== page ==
• A ‘T-shaped’ profile is essential – being a designer for a consumer product of which you yourself may be or are a user such as ‘Facebook’, WhatsApp, etc. will be easier to connect with and design for, as opposed to designing experiences for enterprise products which may be full of unknowns. Designing for specialised user profile/s situated in unique environmental setups will require sound domain, technology and contextual understanding. For acquiring complete understanding about the product ecosystem and experiencing what end-users experience, the designer should have the knack and motivation for conducting research studies with Stakeholders as well as End-users. As a result, for designing successful enterprise products being a competent designer may not be enough as ‘the experience designer’ will need to have the qualities of a researcher, understanding about front-end user interface development technologies and its influence on the design, and possess good analytical skills.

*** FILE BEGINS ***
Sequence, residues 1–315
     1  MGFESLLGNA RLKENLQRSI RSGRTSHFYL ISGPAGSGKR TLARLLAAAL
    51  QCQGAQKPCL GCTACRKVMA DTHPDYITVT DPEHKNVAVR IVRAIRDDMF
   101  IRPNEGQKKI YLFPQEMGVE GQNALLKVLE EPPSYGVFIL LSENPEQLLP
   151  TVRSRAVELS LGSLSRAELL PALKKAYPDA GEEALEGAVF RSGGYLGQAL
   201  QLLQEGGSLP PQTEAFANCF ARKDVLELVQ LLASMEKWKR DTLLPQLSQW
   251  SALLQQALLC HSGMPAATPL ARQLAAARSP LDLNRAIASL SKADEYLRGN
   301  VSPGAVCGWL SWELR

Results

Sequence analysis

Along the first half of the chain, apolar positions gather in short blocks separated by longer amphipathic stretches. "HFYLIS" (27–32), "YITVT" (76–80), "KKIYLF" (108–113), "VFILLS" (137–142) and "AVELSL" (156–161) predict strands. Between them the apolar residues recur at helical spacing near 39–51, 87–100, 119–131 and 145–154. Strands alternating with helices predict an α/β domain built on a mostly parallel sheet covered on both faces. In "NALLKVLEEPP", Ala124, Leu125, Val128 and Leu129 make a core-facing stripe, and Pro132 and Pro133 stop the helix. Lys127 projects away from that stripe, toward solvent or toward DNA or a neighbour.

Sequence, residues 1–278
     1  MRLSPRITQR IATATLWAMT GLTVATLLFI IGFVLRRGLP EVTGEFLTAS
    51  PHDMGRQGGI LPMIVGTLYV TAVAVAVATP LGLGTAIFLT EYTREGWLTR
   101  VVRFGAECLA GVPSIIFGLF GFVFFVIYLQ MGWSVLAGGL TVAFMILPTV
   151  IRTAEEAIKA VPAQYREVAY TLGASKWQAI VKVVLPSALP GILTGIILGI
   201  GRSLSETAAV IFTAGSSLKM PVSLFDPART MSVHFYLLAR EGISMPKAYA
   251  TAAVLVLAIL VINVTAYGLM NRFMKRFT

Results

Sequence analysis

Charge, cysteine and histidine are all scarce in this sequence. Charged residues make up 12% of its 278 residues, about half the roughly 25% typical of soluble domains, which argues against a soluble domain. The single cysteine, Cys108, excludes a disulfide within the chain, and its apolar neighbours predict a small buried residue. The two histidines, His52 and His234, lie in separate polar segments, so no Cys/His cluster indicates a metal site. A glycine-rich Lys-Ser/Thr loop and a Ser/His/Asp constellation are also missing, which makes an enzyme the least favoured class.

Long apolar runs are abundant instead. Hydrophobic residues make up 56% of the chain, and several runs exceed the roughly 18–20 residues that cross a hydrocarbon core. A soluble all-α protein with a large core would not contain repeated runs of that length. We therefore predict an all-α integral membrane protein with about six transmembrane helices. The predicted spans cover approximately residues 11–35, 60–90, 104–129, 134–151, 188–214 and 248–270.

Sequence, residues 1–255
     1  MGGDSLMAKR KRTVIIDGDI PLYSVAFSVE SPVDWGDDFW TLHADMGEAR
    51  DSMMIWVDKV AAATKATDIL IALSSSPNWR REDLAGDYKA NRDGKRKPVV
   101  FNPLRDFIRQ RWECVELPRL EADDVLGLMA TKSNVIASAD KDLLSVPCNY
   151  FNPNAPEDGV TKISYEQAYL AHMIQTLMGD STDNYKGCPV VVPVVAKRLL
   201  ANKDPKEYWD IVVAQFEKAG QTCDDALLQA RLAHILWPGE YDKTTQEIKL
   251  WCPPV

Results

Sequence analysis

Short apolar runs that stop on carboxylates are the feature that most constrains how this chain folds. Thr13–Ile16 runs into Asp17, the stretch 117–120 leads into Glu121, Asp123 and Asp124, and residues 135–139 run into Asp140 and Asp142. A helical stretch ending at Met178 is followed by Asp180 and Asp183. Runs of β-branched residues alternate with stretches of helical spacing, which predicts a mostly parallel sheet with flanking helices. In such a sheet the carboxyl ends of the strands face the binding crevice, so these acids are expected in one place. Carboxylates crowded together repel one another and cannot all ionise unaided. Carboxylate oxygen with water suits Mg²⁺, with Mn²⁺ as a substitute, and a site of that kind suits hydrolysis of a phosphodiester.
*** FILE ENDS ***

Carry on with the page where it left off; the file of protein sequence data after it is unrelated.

• Success criteria’s are identical and have a long life-span – shaping a consumer product offers the designer quick gratification in terms of public visibility and acknowledgement from thousands of users and hence is usually a sought-after space. As designers we often draw-a-line between business and end-user goals, try and identify commonalities and create a design strategy which will cater to both their needs. In the case of consumer products it so happens that the originally conceived product user interface design experience gets often skewed and diluted with time owing to the disparity between business and user goals resulting in conflicting opinions. e.g. a multimedia product company may focus on monetisation via ads and hence channelize the users experience in a manner that may manoeuvre them in traversing as many ads before accessing the a/v content or intrude with splashing ads while the user is viewing the content. While a end-users goal will be to view a video of interest as quickly as possible without interference.An enterprise product development life cycle could be long and challenging and may take more than a year or two for the complete product to see the light of the day. Having said that, the best part about designing an enterprise product experience is that the business and end-user goals for the majority are identical and remain meaningful for a long time. e.g. employee productivity is directly proportional to enterprise savings/revenue. Hence you will be designing for a common vision with a lasting impact.